Meditating Outside – The Benefits

The Benefits of Meditation Out of Doors

woman meditating outside on the grass

It’s summer. It’s warm and sunny. The blue skies and great outdoors are calling. And if you’re like me, you’re probably listening and more than ready to head outside! Maybe you’re heading outside to go swimming or wakeboarding or maybe just to lounge on the beach, cool drink in hand. Might we suggest that you also try meditating outdoors? Not only will you get your daily dose of Vitamin D from the sunshine, you’ll also enrich your meditation practice in a whole new way.

As shared by psychotherapist, author, and meditation teacher Mark Coleman in his article “Why Meditating In Nature Is Easier” (Yoga Journal, October 7, 2008), there’s a reason why monasteries and meditation centers are often located within the depths of forests and jungles. In his words, “When we meditate in nature, we bring a receptive presence to the natural world. It comes alive—and so do we. We no longer look at nature as an inert or pretty object, but as a living and breathing world of mystery and sensitivity, a realm of wisdom and learning that is always whispering its teachings to us”.

Coleman, who spent many years experimenting with outdoor meditation in the wilderness of Sierra Nevada, has discovered that meditating surrounded by the elements resulted in him feeling “more wakeful and alert and, at the same time, open, relaxed, and spacious.” There’s also a sense of deep calm that comes from fully embodying your senses while in nature. And in nature, the capacity to be present – also known as mindfulness – is easier to achieve “when we bring a contemplative attitude to being outdoors.” Ajahn Buddhadhasa, a renowned Thai forest meditation master, called this state in which our attention becomes more effortless, “natural Samadhi”. Our senses also become heightened as “the natural world entices our senses to wake up…our skin receptors enliven [and] our hearing becomes sharper”.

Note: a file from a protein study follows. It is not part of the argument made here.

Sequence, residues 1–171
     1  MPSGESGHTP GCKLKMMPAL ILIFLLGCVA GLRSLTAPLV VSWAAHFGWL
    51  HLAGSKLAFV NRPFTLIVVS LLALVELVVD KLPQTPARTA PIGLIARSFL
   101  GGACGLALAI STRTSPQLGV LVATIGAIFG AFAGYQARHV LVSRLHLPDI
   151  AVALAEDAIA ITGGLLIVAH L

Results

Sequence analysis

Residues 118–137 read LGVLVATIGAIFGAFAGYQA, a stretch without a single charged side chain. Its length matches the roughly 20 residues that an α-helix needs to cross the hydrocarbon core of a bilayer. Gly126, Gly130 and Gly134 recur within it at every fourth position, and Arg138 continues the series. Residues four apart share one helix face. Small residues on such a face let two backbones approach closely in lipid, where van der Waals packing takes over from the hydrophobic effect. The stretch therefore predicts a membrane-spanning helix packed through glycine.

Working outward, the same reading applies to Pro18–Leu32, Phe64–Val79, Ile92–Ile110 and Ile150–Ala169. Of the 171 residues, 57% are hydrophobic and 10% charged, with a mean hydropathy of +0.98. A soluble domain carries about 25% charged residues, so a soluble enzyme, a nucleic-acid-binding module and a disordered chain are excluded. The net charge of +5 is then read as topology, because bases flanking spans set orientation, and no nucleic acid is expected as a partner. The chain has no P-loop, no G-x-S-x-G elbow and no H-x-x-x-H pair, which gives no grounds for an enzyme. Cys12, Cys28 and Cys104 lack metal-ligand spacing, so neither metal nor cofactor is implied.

Because this state heightens our sensitivity, it can bring about a sense of wonder. In his article, Coleman shared the story of a woman in one of his classes who discovered, while meditating outdoors, that a spider had created a web between her fingers. The woman’s normal reaction of terror was instead replaced by a feeling of gratitude for being considered worthy of becoming part of nature.

Meditating outside can also:

  • Be eco-friendly. When you meditate the sounds of nature replace any electronic background noise – CD player, MP3 player, radio.
  • You’ll become grounded simply by the act of being outside. In an outside practice it is easier to consciously ground yourself in the present moment and into the earth.
  • Match the rhythm of your body to that of the earth through the natural vibrations of the earth, especially when sitting on the ground.
  • Balance the negative ions in your body as you make contact with the earth. When you sit on the ground you connect your body to unlimited numbers of negative ions which then flow through your body, helping to decrease inflammation as well as blood pressure.

As Coleman says, “Nature nourishes the soul, and the more present we can be to it, the deeper we can drink from her well and, refreshed, bring positive change into the world.”

Here is a great walking meditation that you can easily do outside in your neighborhood or at your local park..

To your inner peace – Anna

Coleman, Mark. “Why Meditating In Nature Is Easier | Outdoors Meditation for Beginners.” Yoga Journal. N.p., 07 Oct. 2008. Web. 30 June 2016.
Scammell, Taryn. “Spring Is Coming: 6 Benefits to Meditating Outside.” Elephant Journal. N.p., 11 Mar. 2016. Web. 30 June 2016.

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